JAY: And what did you make of this Romney comment—I assume he may have said this before in the campaign, but I have to confess I'm not following every word he says, so it's the first time I heard it, but that he would declare China a currency manipulator on day one, put tariffs on their products if they don't change. In other words, he would declare a trade war with China. I mean, does he mean a word of this?

EPSTEIN: No. It just shows that he's really desperate. He knows this is a big issue in Ohio and Ohio and some other places. But there's no way that he would declare China an exchange rate manipulator, because that would declare trade war with China, which is not anything that multinational capital wants. They want to be able to set up shop in China, export to the United States. And that calls for a moderate or even a low exchange rate. So I'm sure Romney was just lying through his teeth on that.

JAY: Okay. So just finally, with all your critique of President Obama, you did suggest that he's—you know, you think he's way better anyway. So if you're in a swing state, how do you vote?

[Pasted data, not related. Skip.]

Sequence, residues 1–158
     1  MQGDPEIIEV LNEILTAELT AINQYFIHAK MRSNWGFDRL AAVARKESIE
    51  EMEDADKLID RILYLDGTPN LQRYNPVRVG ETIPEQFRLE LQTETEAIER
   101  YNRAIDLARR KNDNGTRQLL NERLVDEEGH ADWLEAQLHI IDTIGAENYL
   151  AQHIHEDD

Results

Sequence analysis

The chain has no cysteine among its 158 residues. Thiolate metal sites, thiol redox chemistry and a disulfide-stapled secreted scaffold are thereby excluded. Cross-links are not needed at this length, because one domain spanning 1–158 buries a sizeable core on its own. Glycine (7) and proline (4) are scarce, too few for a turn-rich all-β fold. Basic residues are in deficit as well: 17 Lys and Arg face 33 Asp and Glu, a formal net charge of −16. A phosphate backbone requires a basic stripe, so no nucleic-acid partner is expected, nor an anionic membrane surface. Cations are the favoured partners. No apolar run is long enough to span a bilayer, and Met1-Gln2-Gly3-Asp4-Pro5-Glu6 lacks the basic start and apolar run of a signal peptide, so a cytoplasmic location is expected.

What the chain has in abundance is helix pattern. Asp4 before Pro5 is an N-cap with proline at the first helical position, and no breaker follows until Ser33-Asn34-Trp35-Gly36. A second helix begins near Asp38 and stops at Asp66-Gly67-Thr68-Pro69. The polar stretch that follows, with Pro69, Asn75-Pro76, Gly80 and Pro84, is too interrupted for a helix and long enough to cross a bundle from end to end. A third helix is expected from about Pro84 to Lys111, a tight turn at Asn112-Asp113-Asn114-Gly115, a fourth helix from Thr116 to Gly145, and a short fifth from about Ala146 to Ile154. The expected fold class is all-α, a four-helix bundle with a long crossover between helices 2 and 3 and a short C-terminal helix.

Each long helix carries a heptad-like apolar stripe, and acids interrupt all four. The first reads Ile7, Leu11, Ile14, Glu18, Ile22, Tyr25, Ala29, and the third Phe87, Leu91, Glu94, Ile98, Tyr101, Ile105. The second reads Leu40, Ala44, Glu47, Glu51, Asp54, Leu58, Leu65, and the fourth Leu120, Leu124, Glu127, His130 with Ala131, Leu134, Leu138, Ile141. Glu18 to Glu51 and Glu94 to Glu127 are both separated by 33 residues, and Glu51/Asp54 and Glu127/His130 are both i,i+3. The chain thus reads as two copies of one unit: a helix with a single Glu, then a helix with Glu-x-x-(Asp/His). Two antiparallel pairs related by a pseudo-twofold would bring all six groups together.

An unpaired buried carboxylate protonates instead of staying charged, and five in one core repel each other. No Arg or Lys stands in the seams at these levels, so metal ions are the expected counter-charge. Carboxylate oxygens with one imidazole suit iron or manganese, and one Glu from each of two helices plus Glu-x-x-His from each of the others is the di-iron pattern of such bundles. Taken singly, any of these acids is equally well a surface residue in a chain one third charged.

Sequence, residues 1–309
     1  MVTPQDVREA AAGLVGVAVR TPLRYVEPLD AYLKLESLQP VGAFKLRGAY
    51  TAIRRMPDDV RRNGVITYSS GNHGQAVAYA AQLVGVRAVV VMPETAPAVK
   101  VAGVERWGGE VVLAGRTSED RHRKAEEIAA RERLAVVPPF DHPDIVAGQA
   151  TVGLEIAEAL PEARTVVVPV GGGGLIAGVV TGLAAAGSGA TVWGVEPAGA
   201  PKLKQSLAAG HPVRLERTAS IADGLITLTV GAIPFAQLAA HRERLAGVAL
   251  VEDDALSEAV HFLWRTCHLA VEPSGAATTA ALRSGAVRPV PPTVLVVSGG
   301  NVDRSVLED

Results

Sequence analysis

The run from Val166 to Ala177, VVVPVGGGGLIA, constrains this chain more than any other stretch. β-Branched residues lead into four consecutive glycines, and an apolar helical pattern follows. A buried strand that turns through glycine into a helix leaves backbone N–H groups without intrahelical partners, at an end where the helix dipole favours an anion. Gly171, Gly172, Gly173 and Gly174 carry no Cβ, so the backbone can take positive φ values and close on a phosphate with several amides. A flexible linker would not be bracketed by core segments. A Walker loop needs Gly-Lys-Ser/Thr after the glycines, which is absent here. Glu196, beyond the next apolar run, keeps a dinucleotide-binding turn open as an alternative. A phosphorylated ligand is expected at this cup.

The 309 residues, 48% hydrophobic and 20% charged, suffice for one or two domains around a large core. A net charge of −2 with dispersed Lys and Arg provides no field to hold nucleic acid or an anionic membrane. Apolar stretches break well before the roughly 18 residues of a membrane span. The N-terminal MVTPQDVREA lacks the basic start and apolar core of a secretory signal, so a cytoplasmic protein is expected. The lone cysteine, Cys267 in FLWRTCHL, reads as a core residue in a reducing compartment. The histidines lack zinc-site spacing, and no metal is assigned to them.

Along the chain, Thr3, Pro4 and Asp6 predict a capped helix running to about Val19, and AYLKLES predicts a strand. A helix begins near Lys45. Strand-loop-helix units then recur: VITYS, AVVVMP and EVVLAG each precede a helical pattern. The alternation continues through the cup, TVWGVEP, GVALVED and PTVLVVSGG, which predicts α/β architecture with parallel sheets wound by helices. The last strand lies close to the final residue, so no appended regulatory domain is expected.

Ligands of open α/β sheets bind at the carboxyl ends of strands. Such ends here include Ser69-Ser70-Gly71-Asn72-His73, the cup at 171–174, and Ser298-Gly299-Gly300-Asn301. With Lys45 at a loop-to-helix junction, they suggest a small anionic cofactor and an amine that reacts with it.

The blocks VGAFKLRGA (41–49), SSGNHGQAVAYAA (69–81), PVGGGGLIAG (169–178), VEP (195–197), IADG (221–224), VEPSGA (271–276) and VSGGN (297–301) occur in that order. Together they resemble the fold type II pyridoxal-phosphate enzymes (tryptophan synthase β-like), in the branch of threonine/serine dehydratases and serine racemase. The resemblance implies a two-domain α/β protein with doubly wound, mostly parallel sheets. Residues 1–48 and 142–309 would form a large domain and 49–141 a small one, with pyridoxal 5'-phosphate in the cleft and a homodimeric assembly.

EPSTEIN: I vote for Obama. Look, it's the difference—there's just no question. It's the difference between staving off a total takeover by right-wing oil and gas interests, anti-women interests, anti-gay interests—they'll destroy the Supreme Court even more than it's messed up now. And on economic issues, Obama is slightly better in terms of employment and inequality. So there's no question about it.

But Obama will not do much on his own. It really takes a concerted, massive effort on the part of those on the left and workers to push him and the Democratic Party.

JAY: Okay. Thanks for joining us, Gerry.

EPSTEIN: Thank you.

JAY: And thank you for joining us on The Real News Network.